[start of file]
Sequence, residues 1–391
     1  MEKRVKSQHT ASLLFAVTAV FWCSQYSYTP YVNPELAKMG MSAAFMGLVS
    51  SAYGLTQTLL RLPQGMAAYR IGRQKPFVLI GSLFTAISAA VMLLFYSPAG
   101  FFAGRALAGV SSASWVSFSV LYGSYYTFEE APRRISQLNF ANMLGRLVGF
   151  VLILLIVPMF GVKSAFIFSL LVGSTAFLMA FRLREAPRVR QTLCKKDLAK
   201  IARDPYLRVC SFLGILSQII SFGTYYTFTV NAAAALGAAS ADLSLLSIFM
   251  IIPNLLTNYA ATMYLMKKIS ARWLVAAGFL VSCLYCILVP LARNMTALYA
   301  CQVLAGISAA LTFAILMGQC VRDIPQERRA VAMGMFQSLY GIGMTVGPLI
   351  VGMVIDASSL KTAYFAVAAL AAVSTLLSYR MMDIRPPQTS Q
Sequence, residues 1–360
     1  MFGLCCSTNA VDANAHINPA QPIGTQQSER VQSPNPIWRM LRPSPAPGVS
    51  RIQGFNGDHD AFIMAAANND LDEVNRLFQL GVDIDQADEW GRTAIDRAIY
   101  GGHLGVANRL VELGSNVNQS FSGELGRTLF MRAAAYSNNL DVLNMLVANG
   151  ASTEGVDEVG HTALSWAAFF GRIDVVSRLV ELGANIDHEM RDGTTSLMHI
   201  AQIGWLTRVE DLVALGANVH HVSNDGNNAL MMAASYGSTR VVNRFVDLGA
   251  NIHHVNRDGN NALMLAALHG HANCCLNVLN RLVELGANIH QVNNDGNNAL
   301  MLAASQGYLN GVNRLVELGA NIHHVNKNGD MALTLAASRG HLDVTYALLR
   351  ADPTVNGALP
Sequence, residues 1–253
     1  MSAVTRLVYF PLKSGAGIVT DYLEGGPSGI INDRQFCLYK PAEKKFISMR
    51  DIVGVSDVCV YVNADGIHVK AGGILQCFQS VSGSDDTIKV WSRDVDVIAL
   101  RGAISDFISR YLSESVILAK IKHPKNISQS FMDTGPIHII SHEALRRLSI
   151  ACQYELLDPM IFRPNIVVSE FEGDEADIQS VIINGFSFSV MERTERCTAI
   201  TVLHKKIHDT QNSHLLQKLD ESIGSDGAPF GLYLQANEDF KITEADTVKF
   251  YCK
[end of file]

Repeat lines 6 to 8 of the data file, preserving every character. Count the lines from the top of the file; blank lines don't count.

   201  IARDPYLRVC SFLGILSQII SFGTYYTFTV NAAAALGAAS ADLSLLSIFM
   251  IIPNLLTNYA ATMYLMKKIS ARWLVAAGFL VSCLYCILVP LARNMTALYA
   301  CQVLAGISAA LTFAILMGQC VRDIPQERRA VAMGMFQSLY GIGMTVGPLI